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Thursday, 5 March 2015

Gingerols and Statins (as Farnesyltransferase inhibitors) for RASopathies and Some Autism

Today’s post was driven by another attempt not to take a statin.


Statins are among the world’s most prescribed, and yet most maligned, drugs.  Hundreds of millions of people take a statin drug every day to lower their cholesterol, but a small, vocal minority complain about muscle pains, memory loss and even type 2 diabetes.

Since my Polypill is evidently a therapy, and not a cure, for autism, the odds are that it will be needed life-long.  Regardless of the apparent lack of side-effects, nobody should be taking drugs/supplements that are not really needed.  Atorvastatin (Lipitor/Sortis) is part of my Polypill for the type of autism affecting Monty, aged 11, with ASD.

Every time I stop the statin part of my Polypill therapy, I end up starting it again after only a one day break.  I notice all sorts of little behavioral changes that I really do not want to see.   

These changes involve loss of initiative, flexibility and motivation.  I really do not see how these would be measured in any existing behavioral assessment of autism.  These little changes make a big difference in daily life, so-called adaptive behavior.

In case you are wondering, the types of people with autism that I think might benefit from statins, have high cholesterol and some of the following:-

·        Non-verbal, or people who are slightly verbal, but choose not to speak
·        Poor ability to generalize skills already mastered in 1:1 therapy
·        Great difficulty in separating
·        Great difficulty in coping with change

As with some other elements of the Polypill, there are numerous reasons why statins could/should help in autism.  Today I found yet another one and an interesting non-drug alternative.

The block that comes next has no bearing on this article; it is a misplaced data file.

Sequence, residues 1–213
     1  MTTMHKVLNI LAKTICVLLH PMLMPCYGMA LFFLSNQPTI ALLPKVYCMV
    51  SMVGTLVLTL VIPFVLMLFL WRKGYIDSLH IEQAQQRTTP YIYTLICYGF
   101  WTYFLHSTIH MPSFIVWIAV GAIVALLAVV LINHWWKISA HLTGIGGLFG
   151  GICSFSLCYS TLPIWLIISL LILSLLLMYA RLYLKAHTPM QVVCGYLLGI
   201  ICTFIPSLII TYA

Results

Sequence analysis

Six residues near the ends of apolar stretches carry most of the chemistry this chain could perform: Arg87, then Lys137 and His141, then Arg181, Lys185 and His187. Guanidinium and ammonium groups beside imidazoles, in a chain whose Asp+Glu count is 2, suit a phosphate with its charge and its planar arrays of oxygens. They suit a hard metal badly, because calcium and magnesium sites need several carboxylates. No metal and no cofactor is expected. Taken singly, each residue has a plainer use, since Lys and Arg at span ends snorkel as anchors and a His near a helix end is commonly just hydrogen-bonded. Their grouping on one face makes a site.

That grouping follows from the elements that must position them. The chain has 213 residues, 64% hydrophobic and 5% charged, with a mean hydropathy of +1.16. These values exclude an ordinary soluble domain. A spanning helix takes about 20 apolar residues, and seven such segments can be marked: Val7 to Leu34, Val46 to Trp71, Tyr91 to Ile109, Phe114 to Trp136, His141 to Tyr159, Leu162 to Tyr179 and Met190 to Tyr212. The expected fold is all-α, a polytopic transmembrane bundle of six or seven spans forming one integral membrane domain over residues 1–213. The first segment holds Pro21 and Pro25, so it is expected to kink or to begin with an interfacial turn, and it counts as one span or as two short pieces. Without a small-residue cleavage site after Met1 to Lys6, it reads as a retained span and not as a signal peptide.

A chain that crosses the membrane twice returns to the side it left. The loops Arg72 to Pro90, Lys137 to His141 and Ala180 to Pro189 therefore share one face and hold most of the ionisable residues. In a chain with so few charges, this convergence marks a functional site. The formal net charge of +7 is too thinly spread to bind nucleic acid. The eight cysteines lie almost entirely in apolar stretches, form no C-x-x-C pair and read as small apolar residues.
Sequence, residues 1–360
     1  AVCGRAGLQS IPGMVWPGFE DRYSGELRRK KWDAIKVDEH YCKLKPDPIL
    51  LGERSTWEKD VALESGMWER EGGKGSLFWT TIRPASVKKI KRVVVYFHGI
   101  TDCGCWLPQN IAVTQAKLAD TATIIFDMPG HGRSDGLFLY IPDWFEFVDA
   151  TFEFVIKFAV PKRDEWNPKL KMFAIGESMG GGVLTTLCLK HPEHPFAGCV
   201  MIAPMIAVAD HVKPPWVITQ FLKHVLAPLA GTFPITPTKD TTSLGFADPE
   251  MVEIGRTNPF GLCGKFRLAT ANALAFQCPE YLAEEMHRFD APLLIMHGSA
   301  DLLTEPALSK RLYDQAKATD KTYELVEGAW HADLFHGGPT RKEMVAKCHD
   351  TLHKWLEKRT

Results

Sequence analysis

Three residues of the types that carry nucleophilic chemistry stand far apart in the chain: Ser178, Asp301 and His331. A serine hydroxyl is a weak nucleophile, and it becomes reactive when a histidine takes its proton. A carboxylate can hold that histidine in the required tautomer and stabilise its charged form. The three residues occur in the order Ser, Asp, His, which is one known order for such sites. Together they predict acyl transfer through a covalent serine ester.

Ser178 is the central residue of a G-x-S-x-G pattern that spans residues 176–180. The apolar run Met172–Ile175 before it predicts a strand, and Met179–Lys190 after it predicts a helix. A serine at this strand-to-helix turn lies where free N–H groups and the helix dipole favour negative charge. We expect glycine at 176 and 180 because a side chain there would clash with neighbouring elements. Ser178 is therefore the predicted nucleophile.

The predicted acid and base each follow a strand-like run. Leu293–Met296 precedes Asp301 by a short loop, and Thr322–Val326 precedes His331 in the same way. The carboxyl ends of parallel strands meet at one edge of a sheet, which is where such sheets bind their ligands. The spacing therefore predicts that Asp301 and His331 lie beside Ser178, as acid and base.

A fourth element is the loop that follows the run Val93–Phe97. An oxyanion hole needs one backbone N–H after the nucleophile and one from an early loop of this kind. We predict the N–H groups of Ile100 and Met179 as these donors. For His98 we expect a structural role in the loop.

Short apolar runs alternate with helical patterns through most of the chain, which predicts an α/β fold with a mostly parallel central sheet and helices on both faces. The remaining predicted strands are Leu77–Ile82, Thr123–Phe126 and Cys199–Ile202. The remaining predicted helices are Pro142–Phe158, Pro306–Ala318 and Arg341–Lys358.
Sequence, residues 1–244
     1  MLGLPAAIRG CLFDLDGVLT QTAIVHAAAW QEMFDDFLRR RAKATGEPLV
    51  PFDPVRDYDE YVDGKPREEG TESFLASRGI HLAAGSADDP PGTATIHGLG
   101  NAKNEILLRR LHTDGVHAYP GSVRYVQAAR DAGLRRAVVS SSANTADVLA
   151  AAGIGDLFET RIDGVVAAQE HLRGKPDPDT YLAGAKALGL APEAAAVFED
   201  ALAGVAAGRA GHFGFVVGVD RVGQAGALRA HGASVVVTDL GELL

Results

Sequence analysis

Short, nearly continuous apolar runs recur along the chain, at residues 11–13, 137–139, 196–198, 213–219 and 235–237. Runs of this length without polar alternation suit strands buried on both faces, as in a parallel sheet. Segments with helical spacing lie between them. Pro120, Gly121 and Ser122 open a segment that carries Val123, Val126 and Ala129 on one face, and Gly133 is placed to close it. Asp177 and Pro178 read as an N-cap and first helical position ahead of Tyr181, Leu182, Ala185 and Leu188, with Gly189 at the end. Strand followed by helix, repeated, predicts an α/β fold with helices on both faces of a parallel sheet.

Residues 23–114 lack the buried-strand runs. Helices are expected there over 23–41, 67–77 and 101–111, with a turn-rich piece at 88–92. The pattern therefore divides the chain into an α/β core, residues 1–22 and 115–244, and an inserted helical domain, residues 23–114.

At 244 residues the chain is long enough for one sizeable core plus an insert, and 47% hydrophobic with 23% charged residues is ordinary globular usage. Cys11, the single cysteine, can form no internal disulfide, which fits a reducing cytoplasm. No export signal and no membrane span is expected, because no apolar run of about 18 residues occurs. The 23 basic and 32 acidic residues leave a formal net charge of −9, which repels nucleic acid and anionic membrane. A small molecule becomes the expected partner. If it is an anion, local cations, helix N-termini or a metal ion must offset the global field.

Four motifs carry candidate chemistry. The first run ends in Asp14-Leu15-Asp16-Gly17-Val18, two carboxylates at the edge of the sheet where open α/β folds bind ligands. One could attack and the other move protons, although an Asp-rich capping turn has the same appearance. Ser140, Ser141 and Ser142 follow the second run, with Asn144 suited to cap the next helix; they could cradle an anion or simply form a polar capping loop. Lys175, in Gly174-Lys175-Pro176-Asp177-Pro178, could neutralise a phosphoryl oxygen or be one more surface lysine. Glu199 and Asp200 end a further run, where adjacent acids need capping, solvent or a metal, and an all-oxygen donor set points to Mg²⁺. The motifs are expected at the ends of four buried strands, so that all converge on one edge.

Why Statins?

I originally choose statins as a possible therapy, based on their ability to control pro-inflammatory cytokines (e.g. cytokine storms), and their known neuro-protective properties (e.g. reduce mortality after a traumatic brain injury).

I then noted they also affect some autism target genes, such as PTEN and BCL-2.

I did also note that statins were being researched to treat Neurofibromatosis, a single gene condition that is frequently comorbid with an “autism” diagnosis.

Today’s post is really about why statins should help in Neurofibromatosis and what else shares the same mechanism of action. 

Putting aside cytokines, PTEN and BCL-2, this new mechanism (excessive RAS/ERK signaling) might also be active in broader autism and Intellectual Disability / MR.

The other recent development was a study at UCLA that looked at a rare condition called Noonan Syndrome.  Noonan Syndrome and Neurofibromatosis are members of a group of conditions called RASopathies.


The RASopathies are developmental syndromes caused by mutations in genes that alter the Ras subfamily and Mitogen-activated protein kinases that control signal transduction.


Drawing upon Silva’s previous research on neurofibromatosis 1, another Ras-influenced disease, the UCLA team treated the mice with lovastatin, an FDA-approved statin drug currently in wide clinical use.